Work Safety - Page 4 - Recent Questions, Troubleshooting & Support


Try the Reece Safety website - they have a good amount of electrical safety gloves in their range;

http://www.reecesafety.co.uk/Electrical%20Safety%20Gloves.htm

Work Safety | Answered on Jun 17, 2015


Class 1 safety vests are for workers in low impact areas, where traffic flow does not exceed 25 mph and where personnel are working a good distance away from it. Parking service attendants, delivery vehicle drivers, and sidewalk or roadside maintenance workers are examples of jobs who would qualify for a class 1 safety vest. These vests should have a mandatory minimum of 155 square inches of reflective tape. Dimensions of the reflective tape can be either 6.46 linear feet of 2 inch tape or 9.39 linear feet of 1 3/8 inch tape. The reflective stripes should be around the middle in a 360? stripe and above each shoulder. Vests should be either a safety yellow or safety orange color.
Workers who are involved in jobs where there is heavier traffic are required to wear a Class 2 vest. Jobs that require workers to work in areas where there is poor visibility due to weather will also need a more reflective Class 2 safety vest. Class 2 vests will have a minimum of 201 square inches of reflective tape that is 2 inches in diameter. Dimensions of the reflective tape can be 8.373 linear feet of 2-inch tape or 12.2 linear feet of 1 3/3 inch tape. Examples of jobs that require Class 2 vests are airport baggage handlers and ground crew, forestry workers, high-volume parking or toll-gate personnel and law enforcement personnel. Reflective stripes will be over the shoulders and round the middle in either one or two 360? horizontal stripes.
Jobs that require workers to be the most visible are ones that put personnel in close contact with heavy traffic. High risk jobs include accident site investigators, emergency responders, railway workers, utility workers, and survey and flagging crews. These workers will often be close to traffic exceeding 50 miles an hour, so it is important for them to be as visible as possible. Class 3 safety vests and garments must have a minimum of 310 square inches of reflective tape that is 12.92 linear feet and 2-inches thick. Class 3 garments also provide more coverage to the arms and legs than do class 1 and class 2 safety vests.

Work Safety | Answered on Feb 28, 2015


mink oil. small jar only cost's about 5-8 dollars depending on where you find it. i bought my last jar at a Blue Seal. they make other oils but i was recommended this particular kind by a few others and was not disappointed. Caution: allow time to set before using after initial application. the material needs time to soak it in.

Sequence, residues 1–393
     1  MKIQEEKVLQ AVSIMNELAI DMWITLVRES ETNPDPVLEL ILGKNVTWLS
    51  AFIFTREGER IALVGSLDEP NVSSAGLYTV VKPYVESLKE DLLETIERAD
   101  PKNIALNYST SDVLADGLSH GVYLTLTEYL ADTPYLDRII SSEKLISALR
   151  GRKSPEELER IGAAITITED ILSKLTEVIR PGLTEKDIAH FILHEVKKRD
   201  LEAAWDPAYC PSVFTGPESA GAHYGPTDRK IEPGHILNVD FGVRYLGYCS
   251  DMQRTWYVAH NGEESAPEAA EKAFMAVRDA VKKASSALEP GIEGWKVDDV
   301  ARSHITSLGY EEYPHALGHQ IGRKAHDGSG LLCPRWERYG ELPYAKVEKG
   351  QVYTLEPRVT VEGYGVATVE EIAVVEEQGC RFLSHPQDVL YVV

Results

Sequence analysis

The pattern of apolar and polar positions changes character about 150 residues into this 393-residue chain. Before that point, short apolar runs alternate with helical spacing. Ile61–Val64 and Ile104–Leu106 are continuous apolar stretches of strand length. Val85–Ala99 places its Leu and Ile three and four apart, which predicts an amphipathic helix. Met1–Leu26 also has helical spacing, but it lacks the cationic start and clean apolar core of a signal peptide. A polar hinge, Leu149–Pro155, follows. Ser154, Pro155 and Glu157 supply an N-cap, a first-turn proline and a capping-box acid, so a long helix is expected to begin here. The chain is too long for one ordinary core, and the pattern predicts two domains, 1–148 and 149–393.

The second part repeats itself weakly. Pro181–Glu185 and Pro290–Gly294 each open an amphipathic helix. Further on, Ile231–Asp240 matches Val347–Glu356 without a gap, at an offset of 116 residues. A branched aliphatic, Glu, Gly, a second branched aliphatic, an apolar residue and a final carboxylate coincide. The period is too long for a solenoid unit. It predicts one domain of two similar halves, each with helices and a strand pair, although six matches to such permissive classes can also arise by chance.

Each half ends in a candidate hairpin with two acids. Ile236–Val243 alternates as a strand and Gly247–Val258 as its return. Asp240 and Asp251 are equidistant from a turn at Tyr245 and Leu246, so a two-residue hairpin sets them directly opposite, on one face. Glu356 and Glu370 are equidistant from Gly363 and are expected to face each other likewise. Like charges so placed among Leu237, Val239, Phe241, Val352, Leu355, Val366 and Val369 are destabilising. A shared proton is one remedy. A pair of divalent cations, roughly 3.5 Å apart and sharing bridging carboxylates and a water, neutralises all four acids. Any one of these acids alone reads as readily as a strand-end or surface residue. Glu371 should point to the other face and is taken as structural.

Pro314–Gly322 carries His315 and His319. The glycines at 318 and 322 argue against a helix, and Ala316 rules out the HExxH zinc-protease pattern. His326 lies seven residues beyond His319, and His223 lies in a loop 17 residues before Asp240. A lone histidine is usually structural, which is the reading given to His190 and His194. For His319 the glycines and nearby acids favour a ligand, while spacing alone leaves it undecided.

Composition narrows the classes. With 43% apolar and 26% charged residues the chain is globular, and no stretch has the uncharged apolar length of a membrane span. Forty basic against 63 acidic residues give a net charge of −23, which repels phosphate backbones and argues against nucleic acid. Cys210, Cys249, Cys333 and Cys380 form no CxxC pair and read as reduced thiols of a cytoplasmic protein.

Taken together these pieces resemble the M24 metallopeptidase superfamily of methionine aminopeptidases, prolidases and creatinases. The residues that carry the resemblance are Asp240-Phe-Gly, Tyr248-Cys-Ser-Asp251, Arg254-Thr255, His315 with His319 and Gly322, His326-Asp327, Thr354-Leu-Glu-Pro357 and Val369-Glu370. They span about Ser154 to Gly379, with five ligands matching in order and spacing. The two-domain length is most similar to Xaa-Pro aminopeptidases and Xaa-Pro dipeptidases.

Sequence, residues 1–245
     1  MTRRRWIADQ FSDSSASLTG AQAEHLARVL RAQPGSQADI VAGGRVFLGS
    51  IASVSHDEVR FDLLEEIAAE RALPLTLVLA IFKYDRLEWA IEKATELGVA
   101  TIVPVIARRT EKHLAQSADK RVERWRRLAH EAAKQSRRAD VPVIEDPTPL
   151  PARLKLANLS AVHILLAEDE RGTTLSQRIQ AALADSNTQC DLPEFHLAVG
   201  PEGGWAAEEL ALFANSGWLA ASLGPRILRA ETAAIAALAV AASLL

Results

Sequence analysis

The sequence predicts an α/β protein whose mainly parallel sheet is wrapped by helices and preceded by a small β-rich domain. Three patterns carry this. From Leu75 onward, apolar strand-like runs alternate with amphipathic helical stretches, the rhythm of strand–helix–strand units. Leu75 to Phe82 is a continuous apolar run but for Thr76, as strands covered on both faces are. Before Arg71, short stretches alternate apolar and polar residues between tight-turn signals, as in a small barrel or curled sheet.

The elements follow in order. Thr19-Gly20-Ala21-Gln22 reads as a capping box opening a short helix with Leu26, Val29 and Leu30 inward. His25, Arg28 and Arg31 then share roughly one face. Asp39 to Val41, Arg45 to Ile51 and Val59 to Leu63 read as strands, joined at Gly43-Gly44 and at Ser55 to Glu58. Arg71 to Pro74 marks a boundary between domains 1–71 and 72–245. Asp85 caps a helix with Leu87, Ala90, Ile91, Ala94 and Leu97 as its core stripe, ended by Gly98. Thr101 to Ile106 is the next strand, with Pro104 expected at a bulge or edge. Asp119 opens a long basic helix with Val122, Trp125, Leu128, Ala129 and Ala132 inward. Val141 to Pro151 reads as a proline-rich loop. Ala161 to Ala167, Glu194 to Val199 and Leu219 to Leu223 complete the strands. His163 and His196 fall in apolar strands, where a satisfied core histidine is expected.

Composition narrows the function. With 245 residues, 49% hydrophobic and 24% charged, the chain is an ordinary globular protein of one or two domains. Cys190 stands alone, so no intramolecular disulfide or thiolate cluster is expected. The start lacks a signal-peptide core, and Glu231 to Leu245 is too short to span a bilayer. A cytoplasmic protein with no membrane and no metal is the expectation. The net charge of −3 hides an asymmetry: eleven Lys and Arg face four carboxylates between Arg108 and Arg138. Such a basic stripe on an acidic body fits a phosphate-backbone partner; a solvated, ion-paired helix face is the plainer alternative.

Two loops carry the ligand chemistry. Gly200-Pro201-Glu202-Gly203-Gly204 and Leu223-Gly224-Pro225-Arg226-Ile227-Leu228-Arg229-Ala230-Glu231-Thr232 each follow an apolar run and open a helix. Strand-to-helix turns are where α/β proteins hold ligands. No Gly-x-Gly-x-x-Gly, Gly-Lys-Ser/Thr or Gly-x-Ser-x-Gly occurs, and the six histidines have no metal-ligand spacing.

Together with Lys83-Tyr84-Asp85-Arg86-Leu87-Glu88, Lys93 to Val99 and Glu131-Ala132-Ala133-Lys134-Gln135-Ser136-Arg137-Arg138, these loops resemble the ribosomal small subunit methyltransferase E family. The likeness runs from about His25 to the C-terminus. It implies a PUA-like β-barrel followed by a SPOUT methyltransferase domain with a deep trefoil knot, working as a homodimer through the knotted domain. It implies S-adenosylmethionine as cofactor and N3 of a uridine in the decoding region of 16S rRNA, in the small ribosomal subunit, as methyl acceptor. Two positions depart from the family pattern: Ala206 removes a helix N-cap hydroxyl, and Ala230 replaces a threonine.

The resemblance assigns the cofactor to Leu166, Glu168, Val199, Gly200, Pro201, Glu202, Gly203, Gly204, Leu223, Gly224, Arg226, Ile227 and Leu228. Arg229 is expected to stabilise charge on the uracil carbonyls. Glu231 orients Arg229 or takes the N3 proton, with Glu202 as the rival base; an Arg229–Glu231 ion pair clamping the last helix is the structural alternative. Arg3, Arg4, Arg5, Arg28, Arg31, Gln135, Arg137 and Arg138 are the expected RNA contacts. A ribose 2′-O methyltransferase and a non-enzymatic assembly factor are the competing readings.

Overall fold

depending on how often you wear the boots the small jar should last you a good while.

Work Safety | Answered on Feb 21, 2015


Sure you can buy hardhats online. These are the results that came up after I did a search on ebay: http://www.ebay.com/sch/Hard-Hats-/63909/i.html

Work Safety | Answered on Jan 30, 2015


It could be stuck from dirt or rust. Remove the but cap and check the inside for debris/rust and also the tension spring to be sure it's not too tight. If you get it open again, clean it and keep a light oil on the baton, like WD-40.

Monadnock... | Answered on Dec 16, 2014


Just like any other business opportunity, it is up to you to do the research. You should be watch out for places that want you to send money. Also, a thorough Google search about any potential work is a good idea. ALWAYS check with the Better Business Beaurau! They are always on watch for scammers out there. I hope you find what you're looking for. Good luck!!!

Work Safety | Answered on Nov 25, 2014


It is 28.3465

Work Safety | Answered on Nov 23, 2014


Wikipedia says: High-visibility clothing, a type of personal protective equipment (PPE), is any clothing worn that has highly reflective properties or a colour that is easily discernible from any background. Yellow waistcoats worn by emergency services are a common example.

Work Safety | Answered on Nov 01, 2014

Tip

A simple mixture of 3 ingredients will make any and all of your clothing into flame retardants


I used to be afraid that one day my house would catch on fire and that my children's clothing wouldn't be fire resistant and how unsafe that would be. I spent time online doing research and found a very simple and easy to follow recipe for a flame retardant that can be applied to clothing.

What you have to do is wash your clothes like you do normally and rinse as normally. Using a bucket mix 1 gallon of water with 9 ounces of Mule Team Borax and 4 ounces of boric acid (adjust amounts according to the ratio 1:9:4). Soak the clothing in this mixture, squeeze out the excess liquid and dry normally.

When ever you wash the clothing you should reapply the flame retardant because it washes out in the laundry.

If you want to make clothing that cannot be soaked fire retardant then what you can do is pour the mixture into a spray bottle and spray a light layer on to the clothing. Allow it to dry and just like regular clothing after washing reapply the mixture to ensure its still fire retardant.

Please also note that this does not make your clothes fire repellent, this will make them less likely to catch fire in the case of a fire.

on Sep 02, 2014 | Work Safety


Its not recommended to clean your own hazardous material mess, but when it comes to things that are just really gross this site has a really good and amusing guide to make your own makeshift hazmat suit at home for the small messes like cleaning vomit or throwing out a dead mouse.
http://jezebel.com/5841815/make-your-own-hazmat-suit

Work Safety | Answered on Aug 19, 2014

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